An Irish exploration company has hit oil off the Cork coast – and the find is commercially viable.
The find could make a massive difference to the Irish economy and provide a much needed boost at a critical time.
Providence Resources is already bringing in 3,514 barrels of oil a day from its well at Barryrow, 50 kilometres off the Cork coastline.
The flow is almost double the 1800 barrels of oil per day needed to make the find commercially viable.
The company is also testing for gas flow rates in the Cork field.
Chief executive Tony O’Reilly confirmed the flow rates at a 100-metre depth in the North Celtic Sea Basin to the Irish state broadcaster RTE.
“The well has also confirmed that the basal sands are laterally continuous, highly productive and that the oils are of a very high quality,” he said.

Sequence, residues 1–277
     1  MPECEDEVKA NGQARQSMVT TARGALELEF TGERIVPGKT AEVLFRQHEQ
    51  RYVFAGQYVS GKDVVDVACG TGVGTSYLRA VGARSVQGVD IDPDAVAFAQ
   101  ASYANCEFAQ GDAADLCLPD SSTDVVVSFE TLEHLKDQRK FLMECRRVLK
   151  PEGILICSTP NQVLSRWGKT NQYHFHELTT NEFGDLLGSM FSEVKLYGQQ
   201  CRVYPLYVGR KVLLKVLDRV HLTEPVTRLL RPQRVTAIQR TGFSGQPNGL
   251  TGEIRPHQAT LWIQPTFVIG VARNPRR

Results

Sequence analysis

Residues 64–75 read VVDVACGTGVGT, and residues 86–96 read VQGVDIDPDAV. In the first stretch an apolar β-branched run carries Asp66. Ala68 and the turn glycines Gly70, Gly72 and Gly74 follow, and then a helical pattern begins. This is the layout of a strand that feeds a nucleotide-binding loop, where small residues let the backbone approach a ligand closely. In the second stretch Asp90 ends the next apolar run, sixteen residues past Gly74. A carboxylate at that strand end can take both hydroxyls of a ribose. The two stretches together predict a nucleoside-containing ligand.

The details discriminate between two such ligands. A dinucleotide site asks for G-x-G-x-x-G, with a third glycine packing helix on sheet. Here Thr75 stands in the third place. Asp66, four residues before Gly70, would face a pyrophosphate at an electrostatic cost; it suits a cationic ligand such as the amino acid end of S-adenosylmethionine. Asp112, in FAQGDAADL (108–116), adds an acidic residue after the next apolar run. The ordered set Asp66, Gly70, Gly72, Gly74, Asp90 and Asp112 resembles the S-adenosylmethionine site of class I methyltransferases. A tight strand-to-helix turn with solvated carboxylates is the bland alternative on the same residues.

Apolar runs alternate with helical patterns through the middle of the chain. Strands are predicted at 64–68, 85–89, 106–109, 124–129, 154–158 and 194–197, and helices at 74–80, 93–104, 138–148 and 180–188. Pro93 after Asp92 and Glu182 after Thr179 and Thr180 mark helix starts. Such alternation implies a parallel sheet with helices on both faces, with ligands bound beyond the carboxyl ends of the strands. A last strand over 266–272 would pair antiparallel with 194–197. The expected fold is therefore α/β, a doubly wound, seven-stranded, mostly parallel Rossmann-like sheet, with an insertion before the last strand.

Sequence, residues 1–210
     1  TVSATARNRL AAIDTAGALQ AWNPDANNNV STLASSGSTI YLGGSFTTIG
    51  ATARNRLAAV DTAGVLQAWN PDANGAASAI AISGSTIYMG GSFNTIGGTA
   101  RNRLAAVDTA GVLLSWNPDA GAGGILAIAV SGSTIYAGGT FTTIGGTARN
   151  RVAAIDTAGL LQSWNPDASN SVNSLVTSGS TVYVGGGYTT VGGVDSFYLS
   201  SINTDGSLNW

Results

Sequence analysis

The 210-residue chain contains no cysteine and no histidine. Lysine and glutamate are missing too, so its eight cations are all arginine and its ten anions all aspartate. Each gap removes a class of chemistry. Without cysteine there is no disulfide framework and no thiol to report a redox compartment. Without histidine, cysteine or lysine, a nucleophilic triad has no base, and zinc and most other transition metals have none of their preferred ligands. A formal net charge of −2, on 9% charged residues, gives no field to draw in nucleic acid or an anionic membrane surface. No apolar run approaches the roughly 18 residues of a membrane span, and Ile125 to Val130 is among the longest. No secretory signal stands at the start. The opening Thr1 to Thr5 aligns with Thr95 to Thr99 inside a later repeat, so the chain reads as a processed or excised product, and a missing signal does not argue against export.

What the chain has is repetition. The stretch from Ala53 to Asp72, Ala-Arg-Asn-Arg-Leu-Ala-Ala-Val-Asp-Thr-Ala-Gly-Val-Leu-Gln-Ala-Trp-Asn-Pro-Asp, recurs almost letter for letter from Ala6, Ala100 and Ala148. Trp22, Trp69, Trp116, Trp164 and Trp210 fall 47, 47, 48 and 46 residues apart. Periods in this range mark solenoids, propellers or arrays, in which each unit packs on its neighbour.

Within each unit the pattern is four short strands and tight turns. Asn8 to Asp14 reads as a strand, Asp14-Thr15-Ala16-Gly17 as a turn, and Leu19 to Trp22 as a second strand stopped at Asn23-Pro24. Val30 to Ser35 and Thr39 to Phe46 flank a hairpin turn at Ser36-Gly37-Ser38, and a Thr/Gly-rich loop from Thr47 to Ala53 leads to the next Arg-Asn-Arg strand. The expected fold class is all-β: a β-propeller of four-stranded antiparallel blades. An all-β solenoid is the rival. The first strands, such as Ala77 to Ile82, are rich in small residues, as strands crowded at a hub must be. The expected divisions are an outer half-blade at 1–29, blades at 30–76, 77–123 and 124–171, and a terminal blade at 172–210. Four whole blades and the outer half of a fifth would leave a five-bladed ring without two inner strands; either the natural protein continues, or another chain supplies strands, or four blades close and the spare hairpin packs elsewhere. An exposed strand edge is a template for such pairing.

The test area covers 300 sq km which is equivalent to a medium to large North Sea oil field.
Providence also confirmed to the Dublin and London stock exchanges that the find is bigger than expected with much better flow rates than first hoped for.
“There is more work to be done but we hope the find will put Ireland on the map and attract more gas and oil exploration to the country,” added O’Reilly.
Shares in Providence Resources have soared in the past month after the company announced it had found light crude oil in a large sandstone reservoir about 7,550ft under the sea off the south coast.
Industry analysts said the well must produce about 1,800 barrels of oil or gas equivalent every day to make commercial sense. The company’s technical director John O’Sullivan told RTE that Providence could now look forward to materially progressing the project.
“These sands, which appear to have an intact overlying pressure seal, sit directly on proven, mature and oil-prone source rock and therefore open the route to significant resource volumes within the Barryroe licence area,” he said.
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